Student Remarks 2006 MLK Breakfast
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With a mix of bitterness and hope, these two young men address the legacy of Martin Luther King. David Lowry, a Lumbee Indian, grew up in southeastern North Carolina where the great majority of the Lumbee people reside. He speaks compellingly of his Lumbee Indian ancestry, and his need to be recognized at MIT and beyond as part of a group that goes unrecognized by the government and even by other Native Americans as an authentic and distinct people. “The spirit of segregation is alive and well today,” he says. While political correctness encourages students of color not to feel obligated to reveal their ethnicity, Lowry embraces his own defiantly. How else to challenge a dominant society that not only manipulates people of color in the media, but neglects them in national disasters, and sends them in disproportionate numbers to war.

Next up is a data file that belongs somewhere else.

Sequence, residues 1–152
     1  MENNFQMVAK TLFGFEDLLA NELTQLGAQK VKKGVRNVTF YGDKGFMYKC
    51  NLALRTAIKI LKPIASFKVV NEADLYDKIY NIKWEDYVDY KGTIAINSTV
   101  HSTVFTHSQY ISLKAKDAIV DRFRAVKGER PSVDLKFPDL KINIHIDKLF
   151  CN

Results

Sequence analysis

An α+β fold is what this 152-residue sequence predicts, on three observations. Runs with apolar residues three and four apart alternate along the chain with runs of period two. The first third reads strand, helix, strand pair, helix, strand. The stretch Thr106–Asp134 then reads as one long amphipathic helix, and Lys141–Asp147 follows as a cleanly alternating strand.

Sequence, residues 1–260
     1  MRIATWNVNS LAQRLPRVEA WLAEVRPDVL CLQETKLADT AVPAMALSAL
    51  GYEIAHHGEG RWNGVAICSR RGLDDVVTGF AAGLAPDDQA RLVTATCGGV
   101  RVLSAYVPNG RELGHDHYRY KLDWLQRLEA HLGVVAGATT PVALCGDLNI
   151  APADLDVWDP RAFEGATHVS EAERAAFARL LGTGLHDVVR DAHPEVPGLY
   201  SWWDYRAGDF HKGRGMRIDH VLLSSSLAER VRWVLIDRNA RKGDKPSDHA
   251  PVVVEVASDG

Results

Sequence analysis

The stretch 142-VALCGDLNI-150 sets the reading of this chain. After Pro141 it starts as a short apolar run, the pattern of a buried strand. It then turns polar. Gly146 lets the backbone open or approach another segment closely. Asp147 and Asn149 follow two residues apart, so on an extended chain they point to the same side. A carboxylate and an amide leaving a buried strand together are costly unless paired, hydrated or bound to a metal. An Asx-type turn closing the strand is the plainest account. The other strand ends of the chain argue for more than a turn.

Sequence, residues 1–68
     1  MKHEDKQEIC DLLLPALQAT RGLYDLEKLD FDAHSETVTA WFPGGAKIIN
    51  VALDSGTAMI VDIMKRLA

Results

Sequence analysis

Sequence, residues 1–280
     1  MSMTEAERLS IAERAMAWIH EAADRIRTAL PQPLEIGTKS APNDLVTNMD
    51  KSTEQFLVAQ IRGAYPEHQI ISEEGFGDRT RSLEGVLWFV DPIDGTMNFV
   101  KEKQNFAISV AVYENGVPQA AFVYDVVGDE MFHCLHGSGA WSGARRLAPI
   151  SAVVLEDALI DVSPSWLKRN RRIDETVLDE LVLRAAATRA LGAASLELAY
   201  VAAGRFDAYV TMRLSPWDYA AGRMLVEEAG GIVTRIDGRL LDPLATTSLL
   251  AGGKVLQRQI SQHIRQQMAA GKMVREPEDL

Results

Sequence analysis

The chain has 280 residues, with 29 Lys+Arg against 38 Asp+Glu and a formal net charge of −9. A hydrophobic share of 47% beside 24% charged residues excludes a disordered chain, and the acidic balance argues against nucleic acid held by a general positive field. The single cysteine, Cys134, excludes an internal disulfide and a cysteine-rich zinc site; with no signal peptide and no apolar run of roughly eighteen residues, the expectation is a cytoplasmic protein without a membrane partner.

For the middle and upper classes, says John Pope, the poor are pretty much invisible—decades after Dr. King began his War on Poverty. As a nation, we experienced a moment of illumination when Hurricane Katrina struck, and revealed the brutal inequities between the well-to-do and the poor. Half a year later, says Pope, the “poor are fading back out of sight.” One out of eight Americans lives below the poverty line. He exhorts his fellow students and colleagues “to offer something to those less fortunate,” whether resources or time. Stop and reach into your pockets and give to charities, he says, or write to a Congressman about keeping the nation’s poor in mind when drafting legislation. Whether at an urban school, soup kitchen or shelter, he pleads, “Get off campus and give something of yourself.”
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